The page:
Memory issue disrupts FAA air traffic control system

Data in memory was not flushed when air traffic controllers deleted it

A memory problem in the traffic management system of the Federal Aviation Administration resulted in the disruption of flights on the U.S. East Coast on Saturday, according to the agency.

The FAA said Monday that data was not removed from the flight control system even after air traffic controllers deleted it, until the storage limit was filled, putting demands on the processing power required for the smooth functioning of the overall En Route Automation Modernization (ERAM) system.

On Sunday, FAA said a recent software upgrade to a high-altitude radar facility at Leesburg, Virginia had possibly led to the disruption, but did not provide details. It maintains that ERAM has had a greater than 99.99 percent availability rate since it was installed nationwide earlier this year.

The system replaced a 40-year-old En Route Host computer and backup system used at 20 FAA Air Route Traffic Control Centers across the nation.

A new function in the latest ERAM software upgrade lets controllers set up customized windows of frequently referenced data. The data was to be completely removed from the system as controllers deleted it, which didn't happen.

FAA temporarily suspended the use of the function and is working with contractor, Lockheed Martin, to find a permanent solution. The contractor is also investigating why the problem was not identified during the testing of the system.

The agency said Sunday that an automation problem had led to delays and cancellations at airports in the Washington, D.C., area on Saturday, with preliminary information indicating 492 delays and 476 cancellations.

Traffic at three major airports in the area dropped to between 70 and 88 percent of normal average traffic levels on Saturdays, after controllers fell back on backup systems and procedures.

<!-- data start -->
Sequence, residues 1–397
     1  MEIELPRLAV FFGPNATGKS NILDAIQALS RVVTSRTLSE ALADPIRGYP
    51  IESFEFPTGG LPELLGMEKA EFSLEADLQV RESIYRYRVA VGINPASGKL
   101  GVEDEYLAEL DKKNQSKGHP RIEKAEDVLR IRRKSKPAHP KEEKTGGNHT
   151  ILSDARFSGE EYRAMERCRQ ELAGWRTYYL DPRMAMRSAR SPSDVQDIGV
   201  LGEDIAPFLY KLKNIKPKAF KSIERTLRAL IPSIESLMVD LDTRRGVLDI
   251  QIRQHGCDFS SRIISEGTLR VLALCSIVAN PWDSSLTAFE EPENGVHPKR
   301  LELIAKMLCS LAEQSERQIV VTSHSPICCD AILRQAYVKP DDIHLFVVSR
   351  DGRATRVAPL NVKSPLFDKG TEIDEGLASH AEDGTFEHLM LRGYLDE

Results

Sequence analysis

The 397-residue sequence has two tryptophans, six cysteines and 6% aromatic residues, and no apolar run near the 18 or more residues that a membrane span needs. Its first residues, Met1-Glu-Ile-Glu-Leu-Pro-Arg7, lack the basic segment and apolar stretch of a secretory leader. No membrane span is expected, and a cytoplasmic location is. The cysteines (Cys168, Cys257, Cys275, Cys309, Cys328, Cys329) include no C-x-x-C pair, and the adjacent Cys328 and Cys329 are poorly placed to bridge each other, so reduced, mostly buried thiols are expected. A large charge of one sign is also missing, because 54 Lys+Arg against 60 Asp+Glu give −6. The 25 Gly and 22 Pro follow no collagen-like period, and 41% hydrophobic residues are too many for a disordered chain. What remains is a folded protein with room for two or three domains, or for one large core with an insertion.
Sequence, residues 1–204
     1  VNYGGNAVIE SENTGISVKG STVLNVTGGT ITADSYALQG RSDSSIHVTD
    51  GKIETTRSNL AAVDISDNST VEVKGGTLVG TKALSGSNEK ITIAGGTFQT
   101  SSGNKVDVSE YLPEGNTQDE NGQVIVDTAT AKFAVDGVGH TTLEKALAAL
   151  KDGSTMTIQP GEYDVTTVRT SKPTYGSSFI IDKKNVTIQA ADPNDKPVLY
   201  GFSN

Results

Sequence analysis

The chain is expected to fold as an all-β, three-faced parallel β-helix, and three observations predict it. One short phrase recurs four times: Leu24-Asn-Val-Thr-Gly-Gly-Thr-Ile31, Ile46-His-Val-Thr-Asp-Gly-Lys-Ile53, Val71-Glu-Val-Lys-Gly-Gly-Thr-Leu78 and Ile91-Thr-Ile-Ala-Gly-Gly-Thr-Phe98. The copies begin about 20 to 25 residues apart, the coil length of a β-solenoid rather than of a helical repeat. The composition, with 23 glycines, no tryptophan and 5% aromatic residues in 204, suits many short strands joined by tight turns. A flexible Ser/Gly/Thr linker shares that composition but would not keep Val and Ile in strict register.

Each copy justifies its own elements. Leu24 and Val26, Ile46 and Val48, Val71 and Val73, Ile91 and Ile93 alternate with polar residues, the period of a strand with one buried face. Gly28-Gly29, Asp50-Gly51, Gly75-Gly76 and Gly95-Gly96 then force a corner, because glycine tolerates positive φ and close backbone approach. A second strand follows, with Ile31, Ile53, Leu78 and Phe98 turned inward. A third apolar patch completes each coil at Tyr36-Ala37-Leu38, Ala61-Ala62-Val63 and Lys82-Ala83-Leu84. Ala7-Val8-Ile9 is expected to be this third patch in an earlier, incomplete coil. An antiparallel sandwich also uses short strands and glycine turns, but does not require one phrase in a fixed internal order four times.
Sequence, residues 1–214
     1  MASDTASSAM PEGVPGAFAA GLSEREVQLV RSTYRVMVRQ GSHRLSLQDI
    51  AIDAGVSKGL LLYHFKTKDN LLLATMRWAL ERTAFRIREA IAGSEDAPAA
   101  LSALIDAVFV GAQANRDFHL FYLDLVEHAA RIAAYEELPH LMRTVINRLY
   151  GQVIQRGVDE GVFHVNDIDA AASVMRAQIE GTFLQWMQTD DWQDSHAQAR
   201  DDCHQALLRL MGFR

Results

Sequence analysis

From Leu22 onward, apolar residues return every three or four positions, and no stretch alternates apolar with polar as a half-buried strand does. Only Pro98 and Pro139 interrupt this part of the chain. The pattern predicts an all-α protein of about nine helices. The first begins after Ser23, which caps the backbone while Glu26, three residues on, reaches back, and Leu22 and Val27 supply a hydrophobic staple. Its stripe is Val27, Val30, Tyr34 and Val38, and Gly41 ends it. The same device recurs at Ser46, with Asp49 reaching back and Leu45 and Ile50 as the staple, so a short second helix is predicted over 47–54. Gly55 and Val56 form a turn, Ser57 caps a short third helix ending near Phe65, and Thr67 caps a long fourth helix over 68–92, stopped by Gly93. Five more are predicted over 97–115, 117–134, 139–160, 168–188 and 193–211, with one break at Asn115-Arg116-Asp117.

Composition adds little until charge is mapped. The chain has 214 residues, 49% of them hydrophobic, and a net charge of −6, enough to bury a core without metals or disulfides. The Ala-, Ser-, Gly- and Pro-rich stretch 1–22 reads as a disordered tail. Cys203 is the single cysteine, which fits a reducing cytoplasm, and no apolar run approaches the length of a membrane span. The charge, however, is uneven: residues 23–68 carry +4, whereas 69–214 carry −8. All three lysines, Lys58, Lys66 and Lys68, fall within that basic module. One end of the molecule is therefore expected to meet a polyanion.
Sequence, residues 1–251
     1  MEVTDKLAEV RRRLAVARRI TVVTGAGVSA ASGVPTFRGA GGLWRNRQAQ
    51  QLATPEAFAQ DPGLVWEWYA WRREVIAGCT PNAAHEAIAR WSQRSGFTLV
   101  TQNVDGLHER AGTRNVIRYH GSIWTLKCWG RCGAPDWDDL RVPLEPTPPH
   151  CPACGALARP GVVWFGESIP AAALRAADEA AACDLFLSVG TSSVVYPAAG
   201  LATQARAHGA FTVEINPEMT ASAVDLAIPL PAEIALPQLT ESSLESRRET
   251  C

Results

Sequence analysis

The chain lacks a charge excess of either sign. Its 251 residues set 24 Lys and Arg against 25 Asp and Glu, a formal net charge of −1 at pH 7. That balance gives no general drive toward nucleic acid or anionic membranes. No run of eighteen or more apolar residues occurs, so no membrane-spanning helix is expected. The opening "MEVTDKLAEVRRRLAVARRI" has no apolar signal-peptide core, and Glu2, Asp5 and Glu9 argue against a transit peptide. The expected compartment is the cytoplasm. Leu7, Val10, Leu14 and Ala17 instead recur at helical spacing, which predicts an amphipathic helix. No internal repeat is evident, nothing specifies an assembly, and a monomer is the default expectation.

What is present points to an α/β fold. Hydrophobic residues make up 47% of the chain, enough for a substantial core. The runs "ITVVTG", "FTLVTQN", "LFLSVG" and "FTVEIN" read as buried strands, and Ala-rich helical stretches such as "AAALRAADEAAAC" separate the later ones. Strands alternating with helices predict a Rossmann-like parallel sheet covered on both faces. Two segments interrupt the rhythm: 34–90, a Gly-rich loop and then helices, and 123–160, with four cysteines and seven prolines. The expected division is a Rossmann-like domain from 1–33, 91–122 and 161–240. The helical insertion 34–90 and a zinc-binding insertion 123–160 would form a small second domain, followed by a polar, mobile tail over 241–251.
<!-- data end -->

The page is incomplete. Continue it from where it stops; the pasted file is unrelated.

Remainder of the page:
Join the newsletter!

Error: Please check your email address.
Rocket to Success - Your 10 Tips for Smarter ERP System Selection
Keep up with the latest tech news, reviews and previews by subscribing to the Good Gear Guide newsletter.

John Ribeiro

IDG News Service
Show Comments

Cool Tech

Breitling Superocean Heritage Chronographe 44

Learn more >

SanDisk MicroSDXC™ for Nintendo® Switch™

Learn more >

Toys for Boys

Family Friendly

Panasonic 4K UHD Blu-Ray Player and Full HD Recorder with Netflix - UBT1GL-K

Learn more >

Stocking Stuffer

Razer DeathAdder Expert Ergonomic Gaming Mouse

Learn more >

Christmas Gift Guide

Click for more ›

Most Popular Reviews

Latest Articles

Resources

PCW Evaluation Team

Ben Ramsden

Sharp PN-40TC1 Huddle Board

Brainstorming, innovation, problem solving, and negotiation have all become much more productive and valuable if people can easily collaborate in real time with minimal friction.

Sarah Ieroianni

Brother QL-820NWB Professional Label Printer

The print quality also does not disappoint, it’s clear, bold, doesn’t smudge and the text is perfectly sized.

Ratchada Dunn

Sharp PN-40TC1 Huddle Board

The Huddle Board’s built in program; Sharp Touch Viewing software allows us to easily manipulate and edit our documents (jpegs and PDFs) all at the same time on the dashboard.

George Khoury

Sharp PN-40TC1 Huddle Board

The biggest perks for me would be that it comes with easy to use and comprehensive programs that make the collaboration process a whole lot more intuitive and organic

David Coyle

Brother PocketJet PJ-773 A4 Portable Thermal Printer

I rate the printer as a 5 out of 5 stars as it has been able to fit seamlessly into my busy and mobile lifestyle.

Kurt Hegetschweiler

Brother PocketJet PJ-773 A4 Portable Thermal Printer

It’s perfect for mobile workers. Just take it out — it’s small enough to sit anywhere — turn it on, load a sheet of paper, and start printing.

Featured Content

Product Launch Showcase

Latest Jobs

Don’t have an account? Sign up here

Don't have an account? Sign up now

Forgot password?